Dates: May 24 & June 23, 2022, 9:00am – 3:00pm
The purpose of this institute is to support faculty teaching Algebraic Problem Solving (APS) with a W2 designation. This will also be an opportunity for other APS instructors interested in adding this designation to their course.
The FRST Math Summer Institute is designed to provide participants with resources, experiences and the space needed to learn about and discuss writing pedagogies that adhere to the new W2 guidelines stipulated by the Writing Advisory Council (WAC). Facilitators and participants will have many opportunities to share and learn from one another ideas and strategies that can enhance our teaching and the APS curriculum. Given the recent awakening to systemic racism and gender disparities in America's institutions, these topics will include anti-racist and anti-sexist issues.
To ensure the FRST Math Summer Institute is successful, facilitators will:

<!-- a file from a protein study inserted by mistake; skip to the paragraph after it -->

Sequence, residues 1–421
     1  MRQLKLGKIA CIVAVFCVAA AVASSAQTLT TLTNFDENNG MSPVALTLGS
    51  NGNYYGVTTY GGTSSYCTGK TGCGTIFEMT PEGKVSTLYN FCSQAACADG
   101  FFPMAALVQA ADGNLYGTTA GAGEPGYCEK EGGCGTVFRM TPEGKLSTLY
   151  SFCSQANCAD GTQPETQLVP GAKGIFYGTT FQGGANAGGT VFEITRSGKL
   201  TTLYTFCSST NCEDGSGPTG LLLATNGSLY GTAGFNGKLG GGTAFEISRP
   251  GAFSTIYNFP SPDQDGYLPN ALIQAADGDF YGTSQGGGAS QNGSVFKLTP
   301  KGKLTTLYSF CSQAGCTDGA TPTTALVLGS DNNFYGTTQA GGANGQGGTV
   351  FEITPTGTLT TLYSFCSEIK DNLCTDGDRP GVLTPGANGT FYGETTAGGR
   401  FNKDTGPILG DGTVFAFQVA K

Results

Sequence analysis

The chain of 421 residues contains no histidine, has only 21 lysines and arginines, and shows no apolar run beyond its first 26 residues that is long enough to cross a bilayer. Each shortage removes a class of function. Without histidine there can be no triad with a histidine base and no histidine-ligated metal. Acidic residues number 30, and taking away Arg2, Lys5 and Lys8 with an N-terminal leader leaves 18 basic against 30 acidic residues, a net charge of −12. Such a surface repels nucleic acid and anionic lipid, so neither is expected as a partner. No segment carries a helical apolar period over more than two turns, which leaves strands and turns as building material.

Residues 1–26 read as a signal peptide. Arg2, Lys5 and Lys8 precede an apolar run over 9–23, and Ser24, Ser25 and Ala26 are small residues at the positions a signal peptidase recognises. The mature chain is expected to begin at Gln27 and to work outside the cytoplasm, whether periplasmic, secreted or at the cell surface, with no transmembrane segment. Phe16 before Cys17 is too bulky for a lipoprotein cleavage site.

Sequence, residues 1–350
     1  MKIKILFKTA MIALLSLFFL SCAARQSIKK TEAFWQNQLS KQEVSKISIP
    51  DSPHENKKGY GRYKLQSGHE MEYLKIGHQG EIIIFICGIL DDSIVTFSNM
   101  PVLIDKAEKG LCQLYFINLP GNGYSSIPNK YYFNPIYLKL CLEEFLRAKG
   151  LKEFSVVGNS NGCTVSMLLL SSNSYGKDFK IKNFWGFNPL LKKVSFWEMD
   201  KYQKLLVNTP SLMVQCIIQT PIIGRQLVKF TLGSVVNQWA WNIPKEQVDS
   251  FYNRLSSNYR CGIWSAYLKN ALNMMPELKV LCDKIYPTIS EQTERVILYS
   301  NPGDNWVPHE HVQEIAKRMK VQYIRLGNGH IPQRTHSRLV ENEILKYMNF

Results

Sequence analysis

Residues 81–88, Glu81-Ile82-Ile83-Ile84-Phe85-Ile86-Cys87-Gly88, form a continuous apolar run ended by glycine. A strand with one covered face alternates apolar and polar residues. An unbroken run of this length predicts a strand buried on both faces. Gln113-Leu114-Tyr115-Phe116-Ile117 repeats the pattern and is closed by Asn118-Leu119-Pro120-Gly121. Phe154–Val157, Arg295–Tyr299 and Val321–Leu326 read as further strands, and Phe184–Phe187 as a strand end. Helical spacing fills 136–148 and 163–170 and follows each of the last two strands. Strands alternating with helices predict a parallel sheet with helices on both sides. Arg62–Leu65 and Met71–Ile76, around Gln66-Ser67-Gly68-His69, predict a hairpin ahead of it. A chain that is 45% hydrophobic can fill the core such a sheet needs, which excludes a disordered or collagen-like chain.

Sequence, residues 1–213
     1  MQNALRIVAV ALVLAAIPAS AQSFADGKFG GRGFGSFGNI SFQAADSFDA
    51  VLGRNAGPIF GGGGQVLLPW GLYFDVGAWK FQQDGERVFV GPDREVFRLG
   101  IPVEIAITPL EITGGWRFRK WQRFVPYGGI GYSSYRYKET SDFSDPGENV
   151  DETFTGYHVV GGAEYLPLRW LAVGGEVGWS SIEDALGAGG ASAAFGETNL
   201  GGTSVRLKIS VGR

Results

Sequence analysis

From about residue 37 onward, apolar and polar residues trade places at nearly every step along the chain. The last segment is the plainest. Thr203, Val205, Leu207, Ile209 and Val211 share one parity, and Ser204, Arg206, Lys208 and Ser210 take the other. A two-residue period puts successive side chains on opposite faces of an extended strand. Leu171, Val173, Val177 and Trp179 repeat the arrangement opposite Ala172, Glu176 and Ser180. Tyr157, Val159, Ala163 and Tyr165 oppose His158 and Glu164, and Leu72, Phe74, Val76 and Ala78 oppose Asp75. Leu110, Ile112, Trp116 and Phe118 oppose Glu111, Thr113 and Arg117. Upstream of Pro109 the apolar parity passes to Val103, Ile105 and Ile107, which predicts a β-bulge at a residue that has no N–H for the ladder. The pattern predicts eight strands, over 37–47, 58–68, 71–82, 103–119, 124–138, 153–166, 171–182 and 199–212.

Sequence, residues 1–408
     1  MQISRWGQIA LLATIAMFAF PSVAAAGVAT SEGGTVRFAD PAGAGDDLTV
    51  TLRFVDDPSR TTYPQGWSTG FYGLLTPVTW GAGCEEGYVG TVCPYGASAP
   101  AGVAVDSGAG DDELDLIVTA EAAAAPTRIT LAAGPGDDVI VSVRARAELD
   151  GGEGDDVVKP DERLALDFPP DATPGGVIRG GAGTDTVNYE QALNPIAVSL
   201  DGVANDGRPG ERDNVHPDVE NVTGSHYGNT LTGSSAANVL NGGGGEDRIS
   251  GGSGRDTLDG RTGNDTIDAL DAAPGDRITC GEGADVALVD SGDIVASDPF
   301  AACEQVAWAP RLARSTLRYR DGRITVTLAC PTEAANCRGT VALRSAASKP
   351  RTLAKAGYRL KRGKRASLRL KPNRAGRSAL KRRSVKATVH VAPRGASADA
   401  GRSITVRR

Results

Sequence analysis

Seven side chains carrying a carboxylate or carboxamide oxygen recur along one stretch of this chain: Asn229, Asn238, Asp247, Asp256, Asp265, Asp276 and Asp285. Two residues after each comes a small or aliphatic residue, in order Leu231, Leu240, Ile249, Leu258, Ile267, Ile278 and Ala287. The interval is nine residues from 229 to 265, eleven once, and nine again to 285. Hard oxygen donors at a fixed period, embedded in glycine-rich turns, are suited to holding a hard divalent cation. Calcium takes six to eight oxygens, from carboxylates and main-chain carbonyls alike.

- Discuss the benefits of teaching writing within the APS curriculum.
- Bring in writing pedagogy experts to speak about best practices within that discipline.
- Share ideas of topics found within the APS curriculum that lend themselves to writing and give examples of assignments.
- Support any APS instructors who are interested in applying for a W2 designation.
The current FRST Math Convenor, Francis Nzuki, will work closely with Emily Ryan and Thierry Saintine to facilitate the institute, as all three teach Algebraic Problem Solving regularly with a W2 designation.
The FRST Math Summer Institute will invite current and prospective Algebraic Problem-Solving instructors to participate. Participants will be expected to bring syllabi and ideas for assignments to the initial meeting. They will also be expected to:
- Provide written reflection upon completing the institute.
- Provide an updated course syllabus reflecting inclusion of the new writing assignments.
On the final day of the institute, participants will be asked to bring their newly revised and developed pedagogical materials. They will be asked to present their materials and showcase how they would implement the W2 materials in the classroom.